Eileen Ivers

Eileen Ivers and Immigrant Soul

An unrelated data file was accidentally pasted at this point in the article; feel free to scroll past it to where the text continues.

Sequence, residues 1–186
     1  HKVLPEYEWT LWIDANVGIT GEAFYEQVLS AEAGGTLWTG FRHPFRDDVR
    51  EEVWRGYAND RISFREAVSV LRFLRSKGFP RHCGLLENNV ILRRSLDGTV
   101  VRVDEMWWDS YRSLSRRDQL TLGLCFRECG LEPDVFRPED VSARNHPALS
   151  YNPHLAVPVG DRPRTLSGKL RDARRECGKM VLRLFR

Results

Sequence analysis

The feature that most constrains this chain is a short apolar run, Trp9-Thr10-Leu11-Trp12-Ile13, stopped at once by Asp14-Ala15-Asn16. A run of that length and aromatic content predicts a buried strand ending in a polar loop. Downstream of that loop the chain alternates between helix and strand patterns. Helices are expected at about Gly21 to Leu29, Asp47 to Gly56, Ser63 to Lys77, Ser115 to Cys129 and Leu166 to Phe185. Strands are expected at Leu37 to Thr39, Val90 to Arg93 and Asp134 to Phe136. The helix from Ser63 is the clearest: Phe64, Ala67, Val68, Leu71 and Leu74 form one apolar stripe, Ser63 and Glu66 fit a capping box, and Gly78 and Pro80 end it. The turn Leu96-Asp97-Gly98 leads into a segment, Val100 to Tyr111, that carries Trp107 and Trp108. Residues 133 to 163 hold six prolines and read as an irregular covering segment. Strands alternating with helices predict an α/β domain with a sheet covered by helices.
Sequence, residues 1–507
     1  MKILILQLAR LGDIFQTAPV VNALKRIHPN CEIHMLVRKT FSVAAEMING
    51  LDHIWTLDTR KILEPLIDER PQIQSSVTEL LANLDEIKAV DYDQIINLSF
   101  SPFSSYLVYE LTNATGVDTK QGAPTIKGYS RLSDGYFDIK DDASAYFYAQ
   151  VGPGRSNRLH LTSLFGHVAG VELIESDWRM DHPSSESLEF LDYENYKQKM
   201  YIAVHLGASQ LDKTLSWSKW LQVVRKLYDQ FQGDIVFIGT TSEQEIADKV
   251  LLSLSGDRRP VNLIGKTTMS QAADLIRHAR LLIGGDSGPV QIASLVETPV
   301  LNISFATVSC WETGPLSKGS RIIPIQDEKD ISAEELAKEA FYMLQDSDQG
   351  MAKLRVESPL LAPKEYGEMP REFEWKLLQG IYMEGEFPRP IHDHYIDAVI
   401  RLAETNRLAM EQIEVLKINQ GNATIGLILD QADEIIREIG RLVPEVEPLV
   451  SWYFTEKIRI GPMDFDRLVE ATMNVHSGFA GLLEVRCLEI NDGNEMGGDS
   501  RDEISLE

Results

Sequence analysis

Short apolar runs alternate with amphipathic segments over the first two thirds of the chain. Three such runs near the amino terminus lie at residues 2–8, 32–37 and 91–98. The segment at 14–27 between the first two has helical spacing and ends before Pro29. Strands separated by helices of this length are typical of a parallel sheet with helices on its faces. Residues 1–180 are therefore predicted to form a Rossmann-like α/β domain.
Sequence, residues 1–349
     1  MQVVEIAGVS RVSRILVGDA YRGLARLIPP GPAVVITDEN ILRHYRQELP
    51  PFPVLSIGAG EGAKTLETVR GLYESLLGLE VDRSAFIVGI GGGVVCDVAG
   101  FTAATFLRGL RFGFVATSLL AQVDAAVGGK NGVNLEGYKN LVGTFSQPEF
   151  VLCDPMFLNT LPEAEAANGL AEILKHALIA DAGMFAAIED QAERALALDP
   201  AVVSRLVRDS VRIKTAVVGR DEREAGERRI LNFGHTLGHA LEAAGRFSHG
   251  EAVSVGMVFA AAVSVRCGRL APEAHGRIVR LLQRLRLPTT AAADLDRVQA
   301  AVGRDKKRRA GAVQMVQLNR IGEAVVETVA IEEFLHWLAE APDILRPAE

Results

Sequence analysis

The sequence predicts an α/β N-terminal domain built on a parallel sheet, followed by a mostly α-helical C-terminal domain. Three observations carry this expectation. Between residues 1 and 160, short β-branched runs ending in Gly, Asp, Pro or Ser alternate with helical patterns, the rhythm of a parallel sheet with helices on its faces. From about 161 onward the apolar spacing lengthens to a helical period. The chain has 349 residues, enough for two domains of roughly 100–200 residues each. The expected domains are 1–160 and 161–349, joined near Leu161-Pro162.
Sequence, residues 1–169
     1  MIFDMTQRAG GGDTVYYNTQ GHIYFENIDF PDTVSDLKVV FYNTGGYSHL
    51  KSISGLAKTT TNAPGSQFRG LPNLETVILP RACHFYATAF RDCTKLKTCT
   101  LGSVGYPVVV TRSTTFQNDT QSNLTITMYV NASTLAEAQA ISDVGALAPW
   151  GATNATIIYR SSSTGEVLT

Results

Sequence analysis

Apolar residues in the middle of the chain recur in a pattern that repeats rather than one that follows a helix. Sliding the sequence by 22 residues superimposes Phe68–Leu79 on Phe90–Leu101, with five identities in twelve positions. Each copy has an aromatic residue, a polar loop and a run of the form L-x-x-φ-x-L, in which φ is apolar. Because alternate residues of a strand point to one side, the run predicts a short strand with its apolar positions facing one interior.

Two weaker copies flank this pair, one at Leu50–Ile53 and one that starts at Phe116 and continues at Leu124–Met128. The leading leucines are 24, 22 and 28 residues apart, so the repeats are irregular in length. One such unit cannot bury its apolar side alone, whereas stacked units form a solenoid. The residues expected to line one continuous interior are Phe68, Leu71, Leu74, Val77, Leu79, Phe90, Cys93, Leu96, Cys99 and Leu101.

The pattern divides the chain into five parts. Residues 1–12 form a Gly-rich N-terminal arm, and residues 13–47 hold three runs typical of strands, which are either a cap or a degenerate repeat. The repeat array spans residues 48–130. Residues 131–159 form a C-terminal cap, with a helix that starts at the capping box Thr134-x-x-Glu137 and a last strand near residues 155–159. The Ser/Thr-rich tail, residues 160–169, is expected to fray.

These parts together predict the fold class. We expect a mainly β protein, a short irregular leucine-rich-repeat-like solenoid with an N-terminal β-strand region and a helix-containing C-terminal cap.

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Anytime a Celtic folk album includes credits for "beatbox" and "drum loop," it's safe to say that it's not out to please the genre purists. The problem with Eileen Ivers and Immigrant Soul is that it does not sound like an organic mixture of Celtic and rock/R&B influences, a combination that artists as disparate as the Pogues, Black 47, Van Morrison, the great Afro-Celt Sound System, and even Dexy's Midnight Runners have managed to turn into something interesting. Instead, this album sounds like Ivers has decided to expand her audience from the Riverdance/Green Linnet Records crowd, without exhibiting any innate understanding of current popular music. Listening to the album, one gets the rather sad suspicion that Ivers does not listen to or particularly like pop music, because these stilted pieces of faux Celtic rock don't work on either side of the stylistic divide. Even the odd fun tune like the self-explanatory "Paddy in Zululand" sounds like the work of someone who's been told to come up with something that sounds a little like Graceland.

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